In hindsight, the most salient lesson I’ve learned about prologues—be they intended to set the stage or stage a mystery—is that they ought to be written last. Only when you know your story inside out, from beginning to end, can you write an introduction that does justice to the whole of it. My various attempts fell a bit short, which is why none of them made the final cut. That said, the first prologue is no less relevant to that part of the story to which it did allude, and can still be enjoyed as a teaser to the story. I’m delighted, therefore, to share with you one of the original prologues to Mistaken.
Saturday, 23 May 1812: Hertfordshire
Despite the hour, shadows bloomed to fill every space as black clouds rumbled across the sky, obscuring the sun. Leaden air gusted through the open and forgotten door, whipping his coat tails about the backs of his knees, the fluttering movement accentuating his stillness. His head was bowed. With one hand, he gripped the back of a chair, the palm of the other he pressed to his dust-caked thigh, preventing the threatening tremor. He was too late.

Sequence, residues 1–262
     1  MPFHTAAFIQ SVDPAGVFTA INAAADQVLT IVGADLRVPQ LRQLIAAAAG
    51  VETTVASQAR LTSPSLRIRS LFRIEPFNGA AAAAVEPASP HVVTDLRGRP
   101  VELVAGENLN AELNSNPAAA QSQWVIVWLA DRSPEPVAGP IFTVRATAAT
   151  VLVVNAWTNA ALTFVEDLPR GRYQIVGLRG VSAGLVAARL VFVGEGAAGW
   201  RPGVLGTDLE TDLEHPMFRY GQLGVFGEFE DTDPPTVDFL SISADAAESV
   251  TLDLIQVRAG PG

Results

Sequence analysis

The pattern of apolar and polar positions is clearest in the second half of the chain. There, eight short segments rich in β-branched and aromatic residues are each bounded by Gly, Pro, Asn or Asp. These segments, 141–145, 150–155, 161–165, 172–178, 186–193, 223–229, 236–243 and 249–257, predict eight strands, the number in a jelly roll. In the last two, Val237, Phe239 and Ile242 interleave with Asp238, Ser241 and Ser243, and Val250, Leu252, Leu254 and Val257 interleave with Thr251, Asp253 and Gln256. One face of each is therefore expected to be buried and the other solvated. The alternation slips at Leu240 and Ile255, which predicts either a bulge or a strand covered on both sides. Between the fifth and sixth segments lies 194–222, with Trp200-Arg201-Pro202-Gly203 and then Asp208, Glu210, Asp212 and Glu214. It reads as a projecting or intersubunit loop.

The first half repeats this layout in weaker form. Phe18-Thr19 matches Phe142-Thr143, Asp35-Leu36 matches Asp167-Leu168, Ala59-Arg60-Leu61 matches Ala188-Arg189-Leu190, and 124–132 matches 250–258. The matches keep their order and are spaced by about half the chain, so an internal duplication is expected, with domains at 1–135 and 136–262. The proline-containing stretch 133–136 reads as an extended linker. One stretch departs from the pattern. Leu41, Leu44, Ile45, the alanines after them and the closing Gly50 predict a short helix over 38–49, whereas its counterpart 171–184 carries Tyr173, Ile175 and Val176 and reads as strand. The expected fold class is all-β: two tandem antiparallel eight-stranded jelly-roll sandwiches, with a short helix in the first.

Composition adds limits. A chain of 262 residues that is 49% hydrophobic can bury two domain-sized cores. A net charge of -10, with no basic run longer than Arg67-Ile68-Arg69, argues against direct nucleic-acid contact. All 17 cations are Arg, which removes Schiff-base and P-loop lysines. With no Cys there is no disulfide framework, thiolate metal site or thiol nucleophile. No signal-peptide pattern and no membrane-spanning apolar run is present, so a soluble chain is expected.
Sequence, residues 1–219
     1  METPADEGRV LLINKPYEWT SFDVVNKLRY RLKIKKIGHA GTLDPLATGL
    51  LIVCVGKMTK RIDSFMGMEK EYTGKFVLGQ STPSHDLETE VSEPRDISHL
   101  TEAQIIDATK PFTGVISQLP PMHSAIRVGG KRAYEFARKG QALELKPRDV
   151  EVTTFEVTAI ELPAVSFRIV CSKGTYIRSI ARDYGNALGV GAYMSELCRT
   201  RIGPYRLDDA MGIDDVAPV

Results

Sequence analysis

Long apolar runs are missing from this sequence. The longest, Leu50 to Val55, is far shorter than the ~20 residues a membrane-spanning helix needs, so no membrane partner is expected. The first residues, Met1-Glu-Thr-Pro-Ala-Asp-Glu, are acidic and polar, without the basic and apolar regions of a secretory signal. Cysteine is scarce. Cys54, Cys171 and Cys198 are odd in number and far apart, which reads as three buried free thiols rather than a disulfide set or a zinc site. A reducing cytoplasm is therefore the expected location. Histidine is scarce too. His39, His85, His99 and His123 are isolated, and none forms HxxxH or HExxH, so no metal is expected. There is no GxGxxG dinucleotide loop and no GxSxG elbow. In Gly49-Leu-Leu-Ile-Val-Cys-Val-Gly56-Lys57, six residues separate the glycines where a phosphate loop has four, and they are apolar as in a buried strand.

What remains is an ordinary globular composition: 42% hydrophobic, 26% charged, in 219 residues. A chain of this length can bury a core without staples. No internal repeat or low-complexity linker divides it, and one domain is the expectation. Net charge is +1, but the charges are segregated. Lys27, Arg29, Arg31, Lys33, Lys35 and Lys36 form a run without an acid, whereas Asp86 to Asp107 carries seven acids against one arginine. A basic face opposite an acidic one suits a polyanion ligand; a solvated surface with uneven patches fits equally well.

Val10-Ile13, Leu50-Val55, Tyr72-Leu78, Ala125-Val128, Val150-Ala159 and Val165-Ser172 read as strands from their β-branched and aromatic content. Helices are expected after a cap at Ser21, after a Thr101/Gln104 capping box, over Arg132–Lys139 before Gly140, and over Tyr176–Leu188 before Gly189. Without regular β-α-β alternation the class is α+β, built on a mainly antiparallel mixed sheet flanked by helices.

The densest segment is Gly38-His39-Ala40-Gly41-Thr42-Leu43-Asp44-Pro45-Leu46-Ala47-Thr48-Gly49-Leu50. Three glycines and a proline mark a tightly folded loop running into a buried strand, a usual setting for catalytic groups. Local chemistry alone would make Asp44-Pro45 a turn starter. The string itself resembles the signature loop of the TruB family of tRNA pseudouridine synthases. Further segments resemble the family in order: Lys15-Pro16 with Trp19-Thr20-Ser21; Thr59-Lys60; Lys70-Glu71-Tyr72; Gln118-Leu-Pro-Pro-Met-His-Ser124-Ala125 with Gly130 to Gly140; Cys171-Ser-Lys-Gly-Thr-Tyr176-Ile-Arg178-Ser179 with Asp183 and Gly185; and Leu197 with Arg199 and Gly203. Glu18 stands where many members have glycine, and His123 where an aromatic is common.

A door opened, releasing a burst of anguished wailing, then it closed and muted quiet descended once more. Gentle footsteps brushed across the floor, and a pair of delicately embroidered slippers stopped a short distance before his mud-spattered hessians. He frowned slightly.
“You have changed your shoes,” he mumbled, without looking up.
“Forgive me.” He shook his head to dispel the niggling vexation. He looked up into her implausibly serene countenance. Struggling to bring his own expression under regulation, he enquired after her mother.
“She does not do well with worry,” she replied, wincing slightly. “As you hear. Her nerves—”